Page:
Posted: 05/08/2009 | May 8th, 2009
I’m back in Bangkok. I know. I know. Didn’t I just leave? Wasn’t I just living in Taipei? A lot of things can change really quickly. I’ve been here two weeks, and despite my desire to be productive, that hasn’t happened yet. I made the mistake of staying right near the best and most popular hangout in Bangkok (at least for my friends) — Cheap Charlies. I’ve been staying at Suk 11 right across the street. If you’re in Bangkok and looking for a hostel that’s affordable, centrally located, and clean, this is the place to be. It’s one of the nicest places I’ve stayed. It’s made of teak wood and there are a lot of plants all around, creating a nice, natural feeling in a city that doesn’t feel natural at all. (Update: Suk 11 is now closed.)
Since it’s right near my favorite watering hole, I found myself coming home from dinner each night and being constantly dragged in for a drink by my friends. There have been three holidays in Thailand in the last two weeks, so a lot of people have been taking time off, and the bar’s been bursting with people each night. Last night’s going-away party only added to the madness. One drink easily turns into three or four, which usually lands me back in my bed around 4am.
Taiwan lacked a lot of things I like about places in Asia: a good nightlife, pirated movies, good, cheap street food, and lots of tropical islands to visit. I’ve gone through about 10 movies this week alone. I’ve been eating Thai street food every chance I get. I’ve really missed it, especially the pork noodle soup that can only be found in the street stalls of the country. It’s succulent pork and fresh noodles are my mainstay for a quick, cheap, and filling meal. I’ve been visiting >my favorite restaurants and catching up with old friends.
Being back in Bangkok has made me realize how much I love it and how I’ll never be able to fully leave. From the second I stepped off the plane, I felt as though I was home. The craziness, the smells, the crowds, the traffic, the pollution, the street food – it was all so comforting and exciting.
Bangkok is like that for us all. It grips you and you can never fully leave. You can escape for short periods of time, but you’ll always be back. There’s something addictive about this city. Maybe it’s the pollution in the air, but whatever it is, you can’t leave. My friend Natalie left a year ago and has been back about seven times since. My friends tell me now they will no longer come to my going-away parties because they know I will come back in a few months.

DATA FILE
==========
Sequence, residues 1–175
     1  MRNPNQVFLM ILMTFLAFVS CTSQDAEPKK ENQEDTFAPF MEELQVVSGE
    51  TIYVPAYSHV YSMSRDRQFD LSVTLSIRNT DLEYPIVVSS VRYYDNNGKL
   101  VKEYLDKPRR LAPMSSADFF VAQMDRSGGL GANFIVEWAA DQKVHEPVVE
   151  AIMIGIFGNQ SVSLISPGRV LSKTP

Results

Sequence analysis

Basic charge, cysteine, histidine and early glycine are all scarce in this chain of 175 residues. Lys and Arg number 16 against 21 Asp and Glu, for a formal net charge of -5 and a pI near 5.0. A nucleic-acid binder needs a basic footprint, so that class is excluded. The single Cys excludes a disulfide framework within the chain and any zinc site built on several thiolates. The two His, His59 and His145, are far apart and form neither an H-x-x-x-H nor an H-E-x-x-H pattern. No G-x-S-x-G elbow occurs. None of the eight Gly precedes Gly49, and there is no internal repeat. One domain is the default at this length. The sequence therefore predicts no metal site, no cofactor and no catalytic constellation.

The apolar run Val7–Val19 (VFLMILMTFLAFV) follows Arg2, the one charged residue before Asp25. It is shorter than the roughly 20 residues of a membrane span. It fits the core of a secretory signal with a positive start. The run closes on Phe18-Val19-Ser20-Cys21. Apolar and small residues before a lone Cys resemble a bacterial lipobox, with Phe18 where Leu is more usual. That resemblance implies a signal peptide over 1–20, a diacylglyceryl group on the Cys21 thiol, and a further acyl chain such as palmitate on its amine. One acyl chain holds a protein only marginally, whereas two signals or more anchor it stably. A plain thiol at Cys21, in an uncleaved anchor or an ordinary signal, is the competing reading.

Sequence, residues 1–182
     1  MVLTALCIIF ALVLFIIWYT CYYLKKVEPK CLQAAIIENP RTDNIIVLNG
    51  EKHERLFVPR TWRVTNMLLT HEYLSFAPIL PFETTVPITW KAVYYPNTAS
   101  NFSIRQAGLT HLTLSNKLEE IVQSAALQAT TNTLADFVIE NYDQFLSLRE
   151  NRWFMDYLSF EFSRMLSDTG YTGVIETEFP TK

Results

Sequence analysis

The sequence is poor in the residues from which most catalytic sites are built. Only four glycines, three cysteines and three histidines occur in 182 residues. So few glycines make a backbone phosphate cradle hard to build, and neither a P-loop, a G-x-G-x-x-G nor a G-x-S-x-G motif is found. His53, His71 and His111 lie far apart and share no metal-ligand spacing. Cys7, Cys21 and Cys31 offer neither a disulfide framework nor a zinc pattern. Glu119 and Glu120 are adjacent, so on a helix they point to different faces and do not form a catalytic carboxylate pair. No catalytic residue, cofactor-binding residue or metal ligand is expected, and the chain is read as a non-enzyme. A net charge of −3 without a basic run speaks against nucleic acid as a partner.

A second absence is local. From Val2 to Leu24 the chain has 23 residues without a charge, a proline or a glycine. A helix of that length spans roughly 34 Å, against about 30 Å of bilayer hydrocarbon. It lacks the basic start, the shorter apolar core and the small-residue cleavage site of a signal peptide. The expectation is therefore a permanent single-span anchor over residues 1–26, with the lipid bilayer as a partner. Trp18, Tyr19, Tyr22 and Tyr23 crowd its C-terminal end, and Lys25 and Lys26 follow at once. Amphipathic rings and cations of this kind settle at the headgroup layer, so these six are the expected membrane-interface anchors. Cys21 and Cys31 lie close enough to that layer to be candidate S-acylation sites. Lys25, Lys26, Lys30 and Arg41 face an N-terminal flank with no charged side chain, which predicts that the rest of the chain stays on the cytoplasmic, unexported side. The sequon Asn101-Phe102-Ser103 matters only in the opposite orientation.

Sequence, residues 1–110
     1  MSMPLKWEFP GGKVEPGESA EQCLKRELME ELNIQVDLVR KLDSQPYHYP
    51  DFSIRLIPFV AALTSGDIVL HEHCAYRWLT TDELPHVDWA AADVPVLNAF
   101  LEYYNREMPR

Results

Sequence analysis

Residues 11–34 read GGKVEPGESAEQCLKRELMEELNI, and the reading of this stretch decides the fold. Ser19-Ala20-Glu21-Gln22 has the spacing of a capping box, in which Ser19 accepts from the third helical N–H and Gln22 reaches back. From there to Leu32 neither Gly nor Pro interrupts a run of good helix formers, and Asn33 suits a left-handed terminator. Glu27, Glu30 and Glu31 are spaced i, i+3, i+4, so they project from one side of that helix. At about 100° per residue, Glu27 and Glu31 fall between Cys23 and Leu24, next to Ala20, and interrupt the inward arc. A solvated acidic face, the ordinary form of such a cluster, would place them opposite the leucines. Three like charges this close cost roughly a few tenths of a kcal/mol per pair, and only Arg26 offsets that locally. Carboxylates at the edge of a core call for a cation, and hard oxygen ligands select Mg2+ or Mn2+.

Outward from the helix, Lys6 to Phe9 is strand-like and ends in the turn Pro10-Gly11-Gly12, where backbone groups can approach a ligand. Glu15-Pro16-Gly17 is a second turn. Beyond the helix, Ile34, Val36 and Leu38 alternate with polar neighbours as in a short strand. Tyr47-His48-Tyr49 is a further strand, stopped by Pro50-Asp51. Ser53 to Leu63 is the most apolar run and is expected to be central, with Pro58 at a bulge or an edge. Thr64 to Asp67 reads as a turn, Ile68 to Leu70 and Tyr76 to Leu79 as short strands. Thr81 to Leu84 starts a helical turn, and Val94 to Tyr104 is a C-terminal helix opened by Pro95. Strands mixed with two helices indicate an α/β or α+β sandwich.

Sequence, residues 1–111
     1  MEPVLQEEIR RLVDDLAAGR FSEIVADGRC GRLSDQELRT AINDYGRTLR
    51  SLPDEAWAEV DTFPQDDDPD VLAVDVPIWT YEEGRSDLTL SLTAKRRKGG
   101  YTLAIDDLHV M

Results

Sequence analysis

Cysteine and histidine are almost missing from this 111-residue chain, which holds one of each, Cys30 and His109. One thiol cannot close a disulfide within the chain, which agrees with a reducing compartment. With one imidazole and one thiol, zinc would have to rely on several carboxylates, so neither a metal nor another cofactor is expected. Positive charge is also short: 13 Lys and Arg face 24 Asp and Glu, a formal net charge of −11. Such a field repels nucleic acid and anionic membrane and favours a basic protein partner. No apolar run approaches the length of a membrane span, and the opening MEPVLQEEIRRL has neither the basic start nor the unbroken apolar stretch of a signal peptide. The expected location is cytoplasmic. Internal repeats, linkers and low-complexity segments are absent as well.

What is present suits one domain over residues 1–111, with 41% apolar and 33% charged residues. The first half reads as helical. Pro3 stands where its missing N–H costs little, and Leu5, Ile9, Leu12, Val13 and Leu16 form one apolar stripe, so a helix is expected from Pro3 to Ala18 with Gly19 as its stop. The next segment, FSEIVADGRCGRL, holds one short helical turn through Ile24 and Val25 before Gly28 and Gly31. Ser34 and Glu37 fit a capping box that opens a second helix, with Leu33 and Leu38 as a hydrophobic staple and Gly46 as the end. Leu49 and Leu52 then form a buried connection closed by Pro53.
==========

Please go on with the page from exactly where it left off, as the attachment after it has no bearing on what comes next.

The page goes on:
Lots of cities you live in and love and return to visit, but I feel that with Bangkok, people return more often. I actually feel that way about Thailand in general. Everyone I meet who’s been here can’t wait to come back, and they usually do. This city just grabs you and sucks you in.
Bangkok is a vortex and if you stay here long enough, you can get sucked in and never leave. Everyone I know who’s been here longer than two or three years says they’ll never leave. They just can’t cope with living anywhere else. The craziness of the city is unique, and once you’re used to it, nowhere else compares.
In January, I closed the chapter on living in Bangkok long term. More than a few months here, and I feel lost and too sucked into that vortex. But being back here feels like coming home and like taking a hit of some powerful stuff. And like any good addict, I can’t be away from my drug too long. Anything longer than a few months, and I go through serious withdrawal.
Coming back here, though usually bad for my liver, recharges my batteries. And with this visit, I realized that no matter how far I go, no matter where I go, no matter how much I try to escape, Bangkok will always have a hold on me. And I’ll return to it to get my fix.
Some people live in cities and move on and never return. Not me. I’ll never be free of this city.
But, then again, I never want to be.
Get the In-Depth Budget Guide to Bangkok!
My detailed guidebook is made for budget travelers like you! It cuts out the fluff found in other guidebooks and gets straight to the practical information you need to travel and save money while in Bangkok, a city I used to call home (so I know it really well!). You’ll find suggested itineraries, budgets, ways to save money, on and off the beaten path things to see and do, non-touristy restaurants, markets, and bars, and much more!!
Click here to learn more and get started!
Book Your Trip to Bangkok: Logistical Tips and Tricks
Book Your Flight
Use Skyscanner or Momondo to find a cheap flight. They are my two favorite search engines because they search websites and airlines around the globe so you always know no stone is left unturned. Start with Skyscanner first though because they have the biggest reach!
Book Your Accommodation
You can book your hostel with Hostelworld as they have the biggest inventory and best deals. If you want to stay somewhere other than a hostel, use Booking.com as they consistently return the cheapest rates for guesthouses and cheap hotels. My favorite places to stay are:
Don’t Forget Travel Insurance
Travel insurance will protect you against illness, injury, theft, and cancellations. It’s comprehensive protection in case anything goes wrong. I never go on a trip without it as I’ve had to use it many times in the past. My favorite companies that offer the best service and value are:
- World Nomads (for everyone below 70)
- Insure My Trip (for those over 70)
- Medjet (for additional repatriation coverage)
Looking for the best companies to save money with?
Check out my resource page for the best companies to use when you travel. I list all the ones I use to save money when I’m on the road. They will save you money when you travel too.
Want More Information on Bangkok?
Be sure to visit our robust destination guide on Bangkok for even more planning tips!